Mom who posted viral nanny ad defends herself: ‘As a working woman, I need a wife’

A CEO and mom of twins (not pictured) is defending herself after her detailed nanny job posting went viral. (Photo: Getty Images stock photo)

A CEO and mother of 10-year-old twins whose lengthy job posting for a “household manager/cook/nanny” went viral last week is defending herself from critics who mocked her exacting requirements, which include river swimming, vacation planning and traveling, skiing, managing databases tracking chores and allowances, playing math games and preparing organic, allergy-friendly meals while considering vegan substitutions and the latest dietary studies.

In an interview with Slate, the unnamed, self-proclaimed “single mom entrepreneur” from Menlo Park, Calif. explained what motivated her to post what’s been dubbed by the Guardian as the “the most demanding ad for a nanny ever.”

“All I really want to do is run my business well and be the best mom ever,” she said, noting that the demands of caring for two children with various activities has to be outsourced. As a busy CEO and single mom, she added, she struggles with the pressure to do it all — and considered backlash to her job posting sexist.

Video: CEO’s Nanny Ad Goes Viral

“As a working woman, I need a wife,” she shared. “Our society is broken. Here it is January, and I’m having to spend hours of my time, like late at night, trying to figure out summer camp and get them signed up for sports and all that. [I’m a single parent,] but if I had a two-parent household, I would assume that the other parent would at least be doing some of that, one would hope. Although, again, most women tell me that they have to do it all. So I think that people related to the post because it’s absolutely true. If you’re a working woman, you need a wife.

“Also I think a lot of people read the post, and women attack women,” she said. “We live in a sexist society. And so, of course, women are sexist because they live in a sexist society. If I were Scott McNealy, former CEO of Sun Microsystems, and I’d done this ad, nobody would think twice.”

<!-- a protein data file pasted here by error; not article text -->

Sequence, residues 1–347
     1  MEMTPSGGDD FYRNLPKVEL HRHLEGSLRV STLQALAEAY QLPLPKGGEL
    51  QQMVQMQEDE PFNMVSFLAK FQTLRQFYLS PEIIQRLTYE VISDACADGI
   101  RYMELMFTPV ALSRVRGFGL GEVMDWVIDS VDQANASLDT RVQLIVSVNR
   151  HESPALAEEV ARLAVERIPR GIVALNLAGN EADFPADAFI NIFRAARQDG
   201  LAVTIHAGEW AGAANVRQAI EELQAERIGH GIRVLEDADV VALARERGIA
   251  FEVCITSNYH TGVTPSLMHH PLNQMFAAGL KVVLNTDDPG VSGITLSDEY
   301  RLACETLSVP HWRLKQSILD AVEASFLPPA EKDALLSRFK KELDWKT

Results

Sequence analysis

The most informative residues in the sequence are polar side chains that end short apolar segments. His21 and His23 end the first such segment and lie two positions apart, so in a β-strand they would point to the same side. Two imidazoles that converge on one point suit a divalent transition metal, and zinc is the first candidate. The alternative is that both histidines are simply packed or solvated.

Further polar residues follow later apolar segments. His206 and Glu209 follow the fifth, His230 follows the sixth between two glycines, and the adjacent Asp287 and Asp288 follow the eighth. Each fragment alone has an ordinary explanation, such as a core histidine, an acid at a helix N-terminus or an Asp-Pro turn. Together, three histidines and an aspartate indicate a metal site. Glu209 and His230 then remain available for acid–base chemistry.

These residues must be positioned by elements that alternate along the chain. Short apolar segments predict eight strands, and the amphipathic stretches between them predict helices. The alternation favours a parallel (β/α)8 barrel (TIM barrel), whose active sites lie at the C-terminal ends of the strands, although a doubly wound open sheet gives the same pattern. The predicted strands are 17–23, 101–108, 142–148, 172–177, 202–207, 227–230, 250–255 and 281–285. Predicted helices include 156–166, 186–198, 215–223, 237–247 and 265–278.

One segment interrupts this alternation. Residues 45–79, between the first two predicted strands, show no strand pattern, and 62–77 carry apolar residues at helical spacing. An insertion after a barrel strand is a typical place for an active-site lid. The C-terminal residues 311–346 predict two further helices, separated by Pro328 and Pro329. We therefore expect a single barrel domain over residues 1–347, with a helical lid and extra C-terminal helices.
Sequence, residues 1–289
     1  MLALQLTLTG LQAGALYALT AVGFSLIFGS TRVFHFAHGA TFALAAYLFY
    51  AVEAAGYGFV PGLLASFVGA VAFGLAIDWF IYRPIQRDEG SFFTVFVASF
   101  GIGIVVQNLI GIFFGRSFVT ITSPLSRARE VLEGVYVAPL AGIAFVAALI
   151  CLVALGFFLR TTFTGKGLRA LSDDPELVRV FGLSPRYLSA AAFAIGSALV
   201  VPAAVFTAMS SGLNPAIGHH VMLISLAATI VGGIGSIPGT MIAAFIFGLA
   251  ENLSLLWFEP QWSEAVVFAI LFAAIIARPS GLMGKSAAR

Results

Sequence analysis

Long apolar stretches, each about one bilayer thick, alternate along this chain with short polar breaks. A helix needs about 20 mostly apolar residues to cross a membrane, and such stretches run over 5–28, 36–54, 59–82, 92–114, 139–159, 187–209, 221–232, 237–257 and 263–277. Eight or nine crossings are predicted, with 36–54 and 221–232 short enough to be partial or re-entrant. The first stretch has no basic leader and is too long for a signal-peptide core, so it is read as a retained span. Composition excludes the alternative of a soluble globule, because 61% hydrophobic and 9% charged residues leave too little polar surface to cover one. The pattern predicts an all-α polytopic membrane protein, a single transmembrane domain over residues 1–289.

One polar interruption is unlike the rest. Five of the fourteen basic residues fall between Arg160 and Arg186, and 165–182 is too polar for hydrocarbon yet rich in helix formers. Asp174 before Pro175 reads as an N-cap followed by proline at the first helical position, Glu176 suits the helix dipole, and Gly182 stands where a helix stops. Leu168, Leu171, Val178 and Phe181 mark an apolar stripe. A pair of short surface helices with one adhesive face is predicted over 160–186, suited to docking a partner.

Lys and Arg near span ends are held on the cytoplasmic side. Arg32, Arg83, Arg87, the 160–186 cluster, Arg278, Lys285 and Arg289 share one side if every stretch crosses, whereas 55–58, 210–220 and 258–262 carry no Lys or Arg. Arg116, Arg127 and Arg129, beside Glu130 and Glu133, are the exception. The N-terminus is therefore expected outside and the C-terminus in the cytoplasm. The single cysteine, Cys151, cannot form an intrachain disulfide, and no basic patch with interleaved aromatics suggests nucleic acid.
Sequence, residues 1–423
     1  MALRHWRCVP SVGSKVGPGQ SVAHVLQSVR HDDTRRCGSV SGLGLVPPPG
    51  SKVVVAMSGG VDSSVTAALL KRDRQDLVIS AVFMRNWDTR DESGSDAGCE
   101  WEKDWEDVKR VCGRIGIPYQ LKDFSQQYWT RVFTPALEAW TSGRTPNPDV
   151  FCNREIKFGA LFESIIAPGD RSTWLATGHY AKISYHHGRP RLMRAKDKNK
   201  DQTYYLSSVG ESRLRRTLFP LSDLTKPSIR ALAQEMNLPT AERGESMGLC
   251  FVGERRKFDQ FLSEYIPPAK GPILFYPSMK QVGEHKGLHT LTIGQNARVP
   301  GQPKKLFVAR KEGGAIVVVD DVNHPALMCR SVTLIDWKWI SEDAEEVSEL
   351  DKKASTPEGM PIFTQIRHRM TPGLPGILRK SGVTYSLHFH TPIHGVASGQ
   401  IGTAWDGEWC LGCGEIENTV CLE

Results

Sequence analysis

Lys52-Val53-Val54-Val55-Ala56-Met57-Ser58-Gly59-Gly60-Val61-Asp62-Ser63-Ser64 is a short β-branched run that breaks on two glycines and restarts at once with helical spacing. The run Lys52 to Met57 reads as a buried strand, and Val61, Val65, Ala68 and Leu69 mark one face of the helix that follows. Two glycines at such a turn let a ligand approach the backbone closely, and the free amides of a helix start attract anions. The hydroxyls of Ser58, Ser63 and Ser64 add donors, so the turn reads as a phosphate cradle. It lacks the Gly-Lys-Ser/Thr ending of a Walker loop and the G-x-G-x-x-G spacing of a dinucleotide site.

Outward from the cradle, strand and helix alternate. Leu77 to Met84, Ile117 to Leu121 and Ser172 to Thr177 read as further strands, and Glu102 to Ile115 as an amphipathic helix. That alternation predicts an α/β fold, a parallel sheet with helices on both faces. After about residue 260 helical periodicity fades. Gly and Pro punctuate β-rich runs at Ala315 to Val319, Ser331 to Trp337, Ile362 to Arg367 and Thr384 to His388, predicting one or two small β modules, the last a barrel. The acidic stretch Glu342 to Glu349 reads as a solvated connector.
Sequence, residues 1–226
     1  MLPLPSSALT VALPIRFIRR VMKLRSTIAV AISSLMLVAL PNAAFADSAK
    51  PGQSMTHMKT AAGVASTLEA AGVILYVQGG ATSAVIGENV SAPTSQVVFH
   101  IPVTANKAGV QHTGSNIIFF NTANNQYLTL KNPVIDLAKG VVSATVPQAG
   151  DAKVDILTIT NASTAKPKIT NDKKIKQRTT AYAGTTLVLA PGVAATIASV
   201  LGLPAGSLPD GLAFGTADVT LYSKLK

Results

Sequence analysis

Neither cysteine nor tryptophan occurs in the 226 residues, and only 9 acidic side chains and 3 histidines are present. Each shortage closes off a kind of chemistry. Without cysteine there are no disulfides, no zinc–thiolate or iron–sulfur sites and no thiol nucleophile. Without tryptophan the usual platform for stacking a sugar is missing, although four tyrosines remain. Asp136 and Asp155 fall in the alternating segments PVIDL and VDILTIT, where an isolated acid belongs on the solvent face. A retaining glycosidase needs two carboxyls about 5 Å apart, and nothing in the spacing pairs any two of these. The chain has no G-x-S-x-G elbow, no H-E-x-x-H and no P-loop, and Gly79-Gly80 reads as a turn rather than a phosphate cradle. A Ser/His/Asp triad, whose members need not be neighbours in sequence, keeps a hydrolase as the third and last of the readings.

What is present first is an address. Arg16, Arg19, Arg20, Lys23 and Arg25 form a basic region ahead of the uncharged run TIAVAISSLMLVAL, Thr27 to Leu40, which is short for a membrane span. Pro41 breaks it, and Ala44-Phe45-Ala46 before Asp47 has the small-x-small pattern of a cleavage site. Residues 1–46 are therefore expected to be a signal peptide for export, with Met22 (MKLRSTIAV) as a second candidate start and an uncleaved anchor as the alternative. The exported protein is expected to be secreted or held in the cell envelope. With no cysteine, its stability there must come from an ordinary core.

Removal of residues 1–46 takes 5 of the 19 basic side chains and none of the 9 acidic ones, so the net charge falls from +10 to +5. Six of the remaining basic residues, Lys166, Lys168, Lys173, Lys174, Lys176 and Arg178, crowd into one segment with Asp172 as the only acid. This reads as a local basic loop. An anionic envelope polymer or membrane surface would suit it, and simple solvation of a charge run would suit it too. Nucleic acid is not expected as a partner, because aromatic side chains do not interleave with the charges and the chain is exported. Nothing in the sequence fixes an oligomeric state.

A mom (not pictured) says backlash to her "demanding" job posting is sexist. (Photo: Getty Images stock photo)

She went on to defend some of the job requirements featured in the ad, which she placed after being sent candidates who didn’t meet her family’s needs.

“I need somebody who is physically active,” she said. “My kids and I love to swim in rivers. We’re really into river swimming. We’re into going to rivers and swimming through caves in rocks and also climbing rocks and diving off the rocks. I was trying to give some examples of what I meant by ‘strong and physically fit,’ because I had problems before when I’ve recruited au pairs where I’ve said ‘must be physically fit,’ etc. and even when I’ve said ‘must be able to run a mile,’ the person shows up and there’s no way they could run even an eighth of a mile. I wanted to make sure that the agency would be able to screen like: Can you swim in a river? Can you swim against a current? Can you swim in the ocean? Can you body surf?

“I put in the list what’s preferred and what’s necessary,” she continued. “I would love it if the person were a strong skier and could arrange ski vacations. Most families go on ski vacations with the husband and the wife, right? Usually one of the parents is the stronger skier or they’ll tag team taking the kids out. But for me, if I take them skiing alone, I mean, that’s exhausting, right? Having somebody who’s great at skiing, who likes skiing, is really good.

“But the important [qualifications] are what differentiates the nice, grandmotherly baby nanny from this wife type is the executive functioning: the ability to plan, to do research, to make good decisions about ‘this is the right flag football team versus that one and this is why.’ It’s intelligence, education, analytical skills, thoughtfulness. That’s not like a superwoman or super nanny. Most of the moms you know probably have all of that.”

Though some readers still balked at her posting (calling her demands “obnoxious” and the $35-$40 hourly wage, plus perks, insufficient), the interview also resonated with many commenters, who related to her struggle as a single parent and working mom. The ad, many have noted, lists tasks that make up much of the unpaid labor mothers especially are expected to perform — for free.

The childcare role, incidentally, remains open; interested candidates can apply here.

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